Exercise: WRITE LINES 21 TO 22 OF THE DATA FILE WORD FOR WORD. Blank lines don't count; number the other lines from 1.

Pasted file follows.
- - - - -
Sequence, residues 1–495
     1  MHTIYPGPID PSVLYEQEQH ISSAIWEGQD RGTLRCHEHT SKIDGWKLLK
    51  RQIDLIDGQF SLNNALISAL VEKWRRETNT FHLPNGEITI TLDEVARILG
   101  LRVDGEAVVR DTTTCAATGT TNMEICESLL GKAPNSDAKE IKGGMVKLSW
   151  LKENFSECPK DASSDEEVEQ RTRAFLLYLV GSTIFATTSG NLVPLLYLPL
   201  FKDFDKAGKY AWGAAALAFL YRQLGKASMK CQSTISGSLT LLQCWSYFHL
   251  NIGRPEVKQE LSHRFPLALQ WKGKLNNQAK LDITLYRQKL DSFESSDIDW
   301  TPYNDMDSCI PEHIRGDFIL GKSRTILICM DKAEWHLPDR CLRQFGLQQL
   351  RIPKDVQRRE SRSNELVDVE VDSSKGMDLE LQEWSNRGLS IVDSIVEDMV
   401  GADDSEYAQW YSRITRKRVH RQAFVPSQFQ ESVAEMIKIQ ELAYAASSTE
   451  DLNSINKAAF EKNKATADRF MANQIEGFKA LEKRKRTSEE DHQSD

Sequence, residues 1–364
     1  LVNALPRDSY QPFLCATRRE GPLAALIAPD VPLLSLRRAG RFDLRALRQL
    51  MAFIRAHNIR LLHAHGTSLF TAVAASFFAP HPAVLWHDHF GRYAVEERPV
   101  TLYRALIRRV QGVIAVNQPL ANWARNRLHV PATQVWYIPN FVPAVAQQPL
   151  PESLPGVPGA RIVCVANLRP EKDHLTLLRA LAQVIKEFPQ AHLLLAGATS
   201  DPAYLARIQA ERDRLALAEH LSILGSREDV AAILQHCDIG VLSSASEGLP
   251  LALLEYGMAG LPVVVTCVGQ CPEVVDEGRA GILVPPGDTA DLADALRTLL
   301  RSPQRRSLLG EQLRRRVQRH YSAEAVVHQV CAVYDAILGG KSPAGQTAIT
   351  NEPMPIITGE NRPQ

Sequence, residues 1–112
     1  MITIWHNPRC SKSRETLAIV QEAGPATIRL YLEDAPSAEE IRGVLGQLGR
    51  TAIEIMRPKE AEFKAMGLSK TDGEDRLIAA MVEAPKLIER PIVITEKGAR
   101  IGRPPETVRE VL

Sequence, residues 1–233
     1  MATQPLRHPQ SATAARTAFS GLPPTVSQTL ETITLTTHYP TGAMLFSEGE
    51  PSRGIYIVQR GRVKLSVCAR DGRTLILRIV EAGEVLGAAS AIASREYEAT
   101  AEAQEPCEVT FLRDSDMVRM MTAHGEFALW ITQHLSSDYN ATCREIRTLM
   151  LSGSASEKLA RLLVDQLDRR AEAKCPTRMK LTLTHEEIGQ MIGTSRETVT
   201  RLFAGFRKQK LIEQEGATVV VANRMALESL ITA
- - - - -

Sequence, residues 1–112
     1  MITIWHNPRC SKSRETLAIV QEAGPATIRL YLEDAPSAEE IRGVLGQLGR